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Gloucestershire cricket: County announce loss of £122,000

By The Citizen  |  Posted: April 15, 2014

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GLOUCESTERSHIRE posted an "extremely disappointing" and "clearly not sustainable" loss of £122,000 for the last financial year.

The worrying figures that were released to members this week come after a year of relative success on the field and a bumper Cheltenham Festival.

They also take into account a legacy of £115,000 left to the club by a member, meaning that the operating losses were nearly a quarter of a million.

In his address to members, chairman Roger Cooke said that despite the financial loss, much has been achieved in his first year in the post.

Pointing to the ground development, appointment of new chief executive Will Brown and the development of a host of young academy players, Cooke said there was reason for optimism.

But Cooke also revealed that the club have taken a "very careful review" of finances when budgeting for the current season with costs rising both on and off the field.

Cook said: "I took over as chairman in April 2013. It has been a challenging first year, but much has been achieved.

"The first part of our ground development has been completed with the opening of our extended and refurbished pavilion in August 2013.

"We have incurred a deficit of £122,000 n the financial year. This is extremely disappointing and is clearly not sustainable.

"The budget for the coming year has been based on a very careful review of all our income streams and cost centres."

The figures show that spending on the playing staff went up by £136,000 as the county added skipper Michael Klinger and Dan Christian to the squad, and signed spinner Tom Smith on loan.

Treasurer Tony Elgood noted in his statement to members that part of the cost for Klinger – who the county are already speaking to about a new deal for next year – was part-funded by a deal with caterers Centreplate.

The rest of the losses came from the increased spending on temporary facilities and cleaning costs needed while the new pavilion was being built and from the interest on the loan taken out to rebuild the ground.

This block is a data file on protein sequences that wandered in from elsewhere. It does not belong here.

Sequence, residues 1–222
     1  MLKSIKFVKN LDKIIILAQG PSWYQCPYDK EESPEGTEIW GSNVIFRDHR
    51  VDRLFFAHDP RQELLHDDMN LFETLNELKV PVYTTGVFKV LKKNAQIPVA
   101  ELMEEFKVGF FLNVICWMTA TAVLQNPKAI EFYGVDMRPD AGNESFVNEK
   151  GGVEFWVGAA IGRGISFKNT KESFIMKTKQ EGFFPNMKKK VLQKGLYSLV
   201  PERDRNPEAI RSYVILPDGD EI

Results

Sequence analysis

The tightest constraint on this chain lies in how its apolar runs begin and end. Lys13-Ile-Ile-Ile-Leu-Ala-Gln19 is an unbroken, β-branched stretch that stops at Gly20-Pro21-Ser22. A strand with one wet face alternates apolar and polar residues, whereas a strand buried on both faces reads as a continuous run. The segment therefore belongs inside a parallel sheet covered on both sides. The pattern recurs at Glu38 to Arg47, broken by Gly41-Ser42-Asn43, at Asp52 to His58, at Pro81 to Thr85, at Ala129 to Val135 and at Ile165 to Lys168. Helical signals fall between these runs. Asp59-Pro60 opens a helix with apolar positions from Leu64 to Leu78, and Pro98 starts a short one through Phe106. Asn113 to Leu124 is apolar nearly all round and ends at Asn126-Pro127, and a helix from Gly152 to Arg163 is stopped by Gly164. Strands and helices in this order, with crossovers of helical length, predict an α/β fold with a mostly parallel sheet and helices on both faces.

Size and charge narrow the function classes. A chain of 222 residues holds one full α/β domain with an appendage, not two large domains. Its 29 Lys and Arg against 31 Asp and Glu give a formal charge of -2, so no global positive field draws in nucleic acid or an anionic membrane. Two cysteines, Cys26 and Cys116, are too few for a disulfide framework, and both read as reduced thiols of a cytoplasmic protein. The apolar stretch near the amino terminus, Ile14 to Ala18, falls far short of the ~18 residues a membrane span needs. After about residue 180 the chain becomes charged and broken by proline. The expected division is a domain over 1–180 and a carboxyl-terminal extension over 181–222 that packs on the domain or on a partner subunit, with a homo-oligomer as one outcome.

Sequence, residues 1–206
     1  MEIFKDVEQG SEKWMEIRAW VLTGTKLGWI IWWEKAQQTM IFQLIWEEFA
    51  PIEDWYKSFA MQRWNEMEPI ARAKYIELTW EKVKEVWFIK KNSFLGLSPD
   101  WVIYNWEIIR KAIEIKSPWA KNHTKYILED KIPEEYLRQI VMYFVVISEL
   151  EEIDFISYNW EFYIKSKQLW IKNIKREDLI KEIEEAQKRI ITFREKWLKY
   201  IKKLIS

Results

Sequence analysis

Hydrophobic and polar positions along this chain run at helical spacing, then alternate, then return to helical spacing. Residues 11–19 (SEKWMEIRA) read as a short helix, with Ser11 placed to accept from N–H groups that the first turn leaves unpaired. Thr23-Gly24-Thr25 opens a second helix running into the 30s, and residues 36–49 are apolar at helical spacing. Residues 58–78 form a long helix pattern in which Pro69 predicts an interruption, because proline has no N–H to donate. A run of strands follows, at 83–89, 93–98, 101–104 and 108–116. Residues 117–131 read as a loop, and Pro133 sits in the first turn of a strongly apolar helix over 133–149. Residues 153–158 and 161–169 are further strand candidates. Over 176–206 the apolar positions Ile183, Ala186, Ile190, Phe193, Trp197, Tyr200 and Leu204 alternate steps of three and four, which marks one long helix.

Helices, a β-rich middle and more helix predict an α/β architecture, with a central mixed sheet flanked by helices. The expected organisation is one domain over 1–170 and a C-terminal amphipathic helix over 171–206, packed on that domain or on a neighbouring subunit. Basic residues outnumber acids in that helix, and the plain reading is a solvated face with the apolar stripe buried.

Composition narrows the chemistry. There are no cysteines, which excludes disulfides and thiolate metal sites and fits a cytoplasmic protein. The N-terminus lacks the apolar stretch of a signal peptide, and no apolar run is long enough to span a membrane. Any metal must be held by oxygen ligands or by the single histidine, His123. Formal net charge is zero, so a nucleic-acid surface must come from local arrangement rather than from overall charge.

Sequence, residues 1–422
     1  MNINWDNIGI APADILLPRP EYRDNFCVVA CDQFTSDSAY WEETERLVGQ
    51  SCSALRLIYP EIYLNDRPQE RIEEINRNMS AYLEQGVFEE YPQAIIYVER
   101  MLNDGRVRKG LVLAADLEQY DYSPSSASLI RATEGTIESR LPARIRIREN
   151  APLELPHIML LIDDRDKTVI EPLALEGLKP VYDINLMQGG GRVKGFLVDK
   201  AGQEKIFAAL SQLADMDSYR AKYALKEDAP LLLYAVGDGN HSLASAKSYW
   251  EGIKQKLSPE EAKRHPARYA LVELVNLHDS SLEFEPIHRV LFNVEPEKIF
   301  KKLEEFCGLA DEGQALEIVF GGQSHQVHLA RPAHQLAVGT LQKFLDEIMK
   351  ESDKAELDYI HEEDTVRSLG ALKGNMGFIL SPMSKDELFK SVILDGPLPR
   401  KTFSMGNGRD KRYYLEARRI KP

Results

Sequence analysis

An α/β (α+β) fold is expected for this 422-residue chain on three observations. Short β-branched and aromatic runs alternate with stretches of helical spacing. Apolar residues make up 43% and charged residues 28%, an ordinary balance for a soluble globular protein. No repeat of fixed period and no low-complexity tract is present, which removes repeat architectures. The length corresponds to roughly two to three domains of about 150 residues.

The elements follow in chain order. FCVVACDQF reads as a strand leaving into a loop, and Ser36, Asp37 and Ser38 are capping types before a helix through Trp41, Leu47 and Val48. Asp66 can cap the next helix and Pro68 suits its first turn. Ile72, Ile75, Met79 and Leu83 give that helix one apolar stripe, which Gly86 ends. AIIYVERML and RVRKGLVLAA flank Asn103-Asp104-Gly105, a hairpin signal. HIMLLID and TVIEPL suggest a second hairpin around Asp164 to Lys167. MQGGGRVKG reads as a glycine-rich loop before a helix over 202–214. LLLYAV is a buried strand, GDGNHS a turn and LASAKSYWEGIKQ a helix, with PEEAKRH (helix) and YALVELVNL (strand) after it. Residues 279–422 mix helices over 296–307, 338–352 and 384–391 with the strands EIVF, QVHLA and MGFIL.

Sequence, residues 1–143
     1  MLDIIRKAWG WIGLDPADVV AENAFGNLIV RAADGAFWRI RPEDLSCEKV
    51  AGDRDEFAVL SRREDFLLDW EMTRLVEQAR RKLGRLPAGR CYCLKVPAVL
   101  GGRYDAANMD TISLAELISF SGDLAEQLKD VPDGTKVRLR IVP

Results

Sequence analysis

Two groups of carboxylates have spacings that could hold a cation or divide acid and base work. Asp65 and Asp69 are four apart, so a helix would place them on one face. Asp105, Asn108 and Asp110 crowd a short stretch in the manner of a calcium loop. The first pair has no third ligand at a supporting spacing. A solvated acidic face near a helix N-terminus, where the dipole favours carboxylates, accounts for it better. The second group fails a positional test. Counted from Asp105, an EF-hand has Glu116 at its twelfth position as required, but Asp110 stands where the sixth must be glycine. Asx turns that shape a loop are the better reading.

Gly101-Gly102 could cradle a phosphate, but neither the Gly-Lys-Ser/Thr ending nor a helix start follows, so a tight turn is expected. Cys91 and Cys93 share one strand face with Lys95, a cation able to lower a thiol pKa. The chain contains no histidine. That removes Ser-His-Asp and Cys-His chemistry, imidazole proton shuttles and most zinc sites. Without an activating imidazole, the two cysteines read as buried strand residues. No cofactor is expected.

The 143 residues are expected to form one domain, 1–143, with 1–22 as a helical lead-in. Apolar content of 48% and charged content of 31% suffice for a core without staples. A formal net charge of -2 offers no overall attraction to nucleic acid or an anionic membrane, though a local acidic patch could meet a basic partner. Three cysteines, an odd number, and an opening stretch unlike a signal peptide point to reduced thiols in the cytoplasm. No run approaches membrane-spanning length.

Elgood said: "We still have borrowings of £2.5million which will need to be paid off in due course… which will be repaid over a 15-20 year period.

"Both the repayment of these borrowings and the interest payments, particularly if interest rates rise, will put considerable pressure on our cash flow for some years to come."

The good news shows that gate receipts went up by £26,000 despite the reduced capacity of the county ground at Bristol affecting the income for the big one day clashes with local rivals Somerset.

A sunny Cheltenham festival income of £183,000 contributed more than half of the £329,000 taken on the turnstiles.

That figure is an increase of nearly £50,000 from the previous season with the three Twenty20 games at the College Ground raking in a whopping £112,000, over a third of the overall gate receipts for the year.

Those figures contributed to an overall revenue of £3.429 million for the year, up from £3.305 million in the previous year.

The share of income from the ECB fell from £1.827 million to £1.649 million while membership revenue also fell by £5,000 as the total number of members fell from 1,967 to 1,926.

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